Are Medications Ruining YOUR SMILE?
We are seeing a growing number of patients that are experiencing dryness of their mouths and a number of dental issues associated with this dryness.
In fact, some dryness of the mouth can be so severe that it is not just uncomfortable, it becomes very painful. Additionally, there are times when the throat is so parched, that a person can’t even swallow.
The Importance of Saliva
You may not have given much thought about saliva, other than the fact that the mouth is moistened by it, but the production of saliva is an important process in the mouth. It not only moistens, but it helps control the levels of bacteria and fungi in our mouths, aids in chewing, tasting and digestion, cleans, protects and remineralizes teeth, and neutralizes our mouth after acid attacks.
Naturally, when a patient complains about a decrease in the quality and quantity of their saliva, we become concerned.
The condition of persistent dry mouth is called Xerostomia and it is a common side effect of many of the prescription and non-prescription medications we may be taking as well as a manifestation of certain diseases such as Aids, anemia, stroke, hypertension, cystic fibrosis, arthritis, Parkinson’s disease, cancer, diabetes and a condition called Sjogren’s syndrome.
Your saliva output can also be damaged by medical treatments such as radiation and chemotherapy, smoking/tobacco products, menopause and dehydration from illnesses, bulimia, excessive sweating, diarrhea, blood loss and burns.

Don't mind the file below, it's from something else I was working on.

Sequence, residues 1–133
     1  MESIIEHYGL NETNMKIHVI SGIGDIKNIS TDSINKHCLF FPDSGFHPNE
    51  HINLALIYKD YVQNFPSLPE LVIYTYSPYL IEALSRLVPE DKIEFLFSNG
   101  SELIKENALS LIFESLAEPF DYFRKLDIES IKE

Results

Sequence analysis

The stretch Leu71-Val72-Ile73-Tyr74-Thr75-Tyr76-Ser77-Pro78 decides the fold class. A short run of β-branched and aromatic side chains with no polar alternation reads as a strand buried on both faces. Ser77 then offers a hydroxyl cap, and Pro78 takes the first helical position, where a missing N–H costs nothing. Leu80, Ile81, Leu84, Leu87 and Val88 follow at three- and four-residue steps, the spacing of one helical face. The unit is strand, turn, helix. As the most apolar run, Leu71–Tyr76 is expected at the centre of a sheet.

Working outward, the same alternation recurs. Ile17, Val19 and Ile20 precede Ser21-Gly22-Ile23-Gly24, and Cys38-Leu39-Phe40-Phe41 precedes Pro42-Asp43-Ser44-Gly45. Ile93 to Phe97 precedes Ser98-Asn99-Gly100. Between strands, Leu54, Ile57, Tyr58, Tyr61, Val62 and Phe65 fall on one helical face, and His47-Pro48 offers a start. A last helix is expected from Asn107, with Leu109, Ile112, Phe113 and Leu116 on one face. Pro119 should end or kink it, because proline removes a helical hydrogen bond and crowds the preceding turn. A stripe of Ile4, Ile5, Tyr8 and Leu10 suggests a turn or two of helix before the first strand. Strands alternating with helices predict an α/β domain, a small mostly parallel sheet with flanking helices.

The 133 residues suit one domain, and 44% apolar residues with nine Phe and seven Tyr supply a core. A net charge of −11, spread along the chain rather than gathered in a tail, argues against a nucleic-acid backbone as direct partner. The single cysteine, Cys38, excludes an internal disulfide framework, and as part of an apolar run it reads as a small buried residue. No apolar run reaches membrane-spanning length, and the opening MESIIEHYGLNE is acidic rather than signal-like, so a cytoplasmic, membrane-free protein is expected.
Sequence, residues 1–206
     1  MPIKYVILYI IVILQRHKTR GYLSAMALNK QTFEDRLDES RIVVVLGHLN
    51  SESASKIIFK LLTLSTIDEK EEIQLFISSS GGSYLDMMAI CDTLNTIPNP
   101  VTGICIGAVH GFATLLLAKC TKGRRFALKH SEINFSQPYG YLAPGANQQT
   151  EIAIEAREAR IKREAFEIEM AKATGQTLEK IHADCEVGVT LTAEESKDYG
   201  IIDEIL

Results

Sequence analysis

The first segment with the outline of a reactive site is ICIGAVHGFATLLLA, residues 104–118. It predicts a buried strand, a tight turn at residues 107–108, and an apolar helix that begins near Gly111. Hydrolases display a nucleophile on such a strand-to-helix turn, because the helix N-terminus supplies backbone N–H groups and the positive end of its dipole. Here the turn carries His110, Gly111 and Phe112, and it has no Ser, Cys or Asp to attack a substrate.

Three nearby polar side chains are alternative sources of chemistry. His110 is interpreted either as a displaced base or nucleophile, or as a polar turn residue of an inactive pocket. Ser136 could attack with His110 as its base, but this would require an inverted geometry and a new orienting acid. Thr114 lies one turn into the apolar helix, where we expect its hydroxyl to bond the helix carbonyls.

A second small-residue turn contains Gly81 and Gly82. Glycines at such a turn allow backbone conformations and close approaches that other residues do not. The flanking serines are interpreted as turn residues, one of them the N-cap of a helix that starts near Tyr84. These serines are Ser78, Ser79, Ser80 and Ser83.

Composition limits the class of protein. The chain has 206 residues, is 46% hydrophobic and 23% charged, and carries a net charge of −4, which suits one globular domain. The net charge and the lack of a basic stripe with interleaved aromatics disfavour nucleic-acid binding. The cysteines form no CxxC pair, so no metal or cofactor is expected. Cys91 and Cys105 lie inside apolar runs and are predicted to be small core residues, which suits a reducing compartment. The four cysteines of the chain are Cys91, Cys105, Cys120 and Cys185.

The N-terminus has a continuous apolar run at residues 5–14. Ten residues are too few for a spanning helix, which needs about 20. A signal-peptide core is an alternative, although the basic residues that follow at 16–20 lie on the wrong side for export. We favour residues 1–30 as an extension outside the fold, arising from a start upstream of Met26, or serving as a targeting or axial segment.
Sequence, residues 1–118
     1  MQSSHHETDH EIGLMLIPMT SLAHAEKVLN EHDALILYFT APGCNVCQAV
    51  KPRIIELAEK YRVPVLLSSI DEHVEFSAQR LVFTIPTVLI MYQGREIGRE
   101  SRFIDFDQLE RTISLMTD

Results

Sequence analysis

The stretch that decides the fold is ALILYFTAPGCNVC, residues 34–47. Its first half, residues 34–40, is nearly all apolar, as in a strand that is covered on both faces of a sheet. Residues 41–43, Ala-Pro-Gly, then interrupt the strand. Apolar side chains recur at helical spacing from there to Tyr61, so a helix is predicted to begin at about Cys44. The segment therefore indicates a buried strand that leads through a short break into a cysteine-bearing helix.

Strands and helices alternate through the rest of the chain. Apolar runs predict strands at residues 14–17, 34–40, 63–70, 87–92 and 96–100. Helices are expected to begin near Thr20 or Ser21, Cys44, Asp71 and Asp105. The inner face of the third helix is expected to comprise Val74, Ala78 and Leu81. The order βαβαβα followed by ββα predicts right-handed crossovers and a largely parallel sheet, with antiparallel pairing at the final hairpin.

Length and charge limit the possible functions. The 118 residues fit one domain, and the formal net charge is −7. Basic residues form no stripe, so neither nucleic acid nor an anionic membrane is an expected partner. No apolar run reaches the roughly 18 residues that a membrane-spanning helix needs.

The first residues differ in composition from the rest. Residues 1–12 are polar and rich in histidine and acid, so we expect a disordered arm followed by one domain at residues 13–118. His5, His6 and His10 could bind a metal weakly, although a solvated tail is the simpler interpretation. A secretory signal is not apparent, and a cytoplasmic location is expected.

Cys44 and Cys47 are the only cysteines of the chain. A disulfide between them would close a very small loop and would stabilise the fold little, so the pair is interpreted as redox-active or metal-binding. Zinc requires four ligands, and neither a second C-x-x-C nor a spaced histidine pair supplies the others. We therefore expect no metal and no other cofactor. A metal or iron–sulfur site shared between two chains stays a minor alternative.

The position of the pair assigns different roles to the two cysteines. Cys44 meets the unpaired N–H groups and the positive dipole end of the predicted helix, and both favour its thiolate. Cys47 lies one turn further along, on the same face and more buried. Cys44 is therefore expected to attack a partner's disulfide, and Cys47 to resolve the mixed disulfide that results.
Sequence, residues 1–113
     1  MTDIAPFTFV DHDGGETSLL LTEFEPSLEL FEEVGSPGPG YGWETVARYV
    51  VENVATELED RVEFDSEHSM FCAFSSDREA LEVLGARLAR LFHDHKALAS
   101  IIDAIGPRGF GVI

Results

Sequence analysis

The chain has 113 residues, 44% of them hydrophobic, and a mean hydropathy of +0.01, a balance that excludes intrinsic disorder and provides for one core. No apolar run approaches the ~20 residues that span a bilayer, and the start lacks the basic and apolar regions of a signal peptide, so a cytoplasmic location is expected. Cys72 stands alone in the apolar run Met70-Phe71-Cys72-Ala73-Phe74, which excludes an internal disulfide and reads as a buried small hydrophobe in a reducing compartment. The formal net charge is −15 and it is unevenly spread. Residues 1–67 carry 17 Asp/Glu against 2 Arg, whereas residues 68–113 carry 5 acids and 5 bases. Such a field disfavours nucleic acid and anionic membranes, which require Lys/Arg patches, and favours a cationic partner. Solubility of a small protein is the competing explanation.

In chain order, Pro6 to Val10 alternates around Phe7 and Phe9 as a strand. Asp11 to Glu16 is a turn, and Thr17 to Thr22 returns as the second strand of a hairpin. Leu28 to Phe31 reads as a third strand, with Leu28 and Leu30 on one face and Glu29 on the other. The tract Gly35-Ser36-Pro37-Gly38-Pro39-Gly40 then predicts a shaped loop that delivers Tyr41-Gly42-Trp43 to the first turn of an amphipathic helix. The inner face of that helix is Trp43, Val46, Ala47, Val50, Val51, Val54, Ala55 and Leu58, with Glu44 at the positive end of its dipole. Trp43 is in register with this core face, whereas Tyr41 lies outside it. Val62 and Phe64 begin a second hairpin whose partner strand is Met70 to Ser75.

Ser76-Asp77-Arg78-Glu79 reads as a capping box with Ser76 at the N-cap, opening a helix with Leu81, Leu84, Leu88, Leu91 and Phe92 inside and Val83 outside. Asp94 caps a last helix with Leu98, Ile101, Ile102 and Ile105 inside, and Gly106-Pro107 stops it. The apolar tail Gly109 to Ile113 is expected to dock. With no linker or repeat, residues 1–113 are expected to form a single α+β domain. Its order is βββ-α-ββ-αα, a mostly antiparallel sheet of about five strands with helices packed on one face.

Because our bodies are about 60% water, even a small drop in hydration can affect us immediately, let alone long term. There are over 500 medications that list dry mouth as a possible side effect.
Check out the Colgate Oral Care webpage where the classes of prescription drugs that affect the salivary glands are listed.
If you suspect that you are experiencing dry mouth, speak to your family physician and even your pharmacist as soon as possible. They can, hopefully, find a solution that is right for you.
As dentists, we can recommend that you:
- Restore any dental issues that have arisen due to dry mouth.
- Ensure that you are brushing at least 3 times/day and flossing before bed.
- Limiting your meals to 3-4/day and spacing them out 4-5 hours apart
- Reduce the amount of sugar you intake
- Ask your doctor to suggest the vitamins supplements that are right just for you
- Choose a product from your local pharmacy for help with dry mouth. This includes, sprays, rinses and special toothpastes. You may have to try a few until you find one that works best for you.
- Chew sugar-less gum or suck on sugar-free lozenges
- Drink more water
- Using a humidifier in your bedroom at night
- Use a fluoride rinse at bedtime
- If you use a mouth rinse choose an alcohol/peroxide-free product
- Avoid weather and activity that causes excessive sweating
- Use a nasal spray if you are experiencing sinusitis
- Avoid tobacco, alcohol, caffeine, carbonated beverages and highly acidic juices
- Avoid dry food such as crackers and toast
- Avoid very salty foods
Unfortunately, if dryness of the mouth persists and is left unchecked, it can lead to tooth decay, mouth sores and gum problems. If you would like more information about dry mouth, please follow the link below: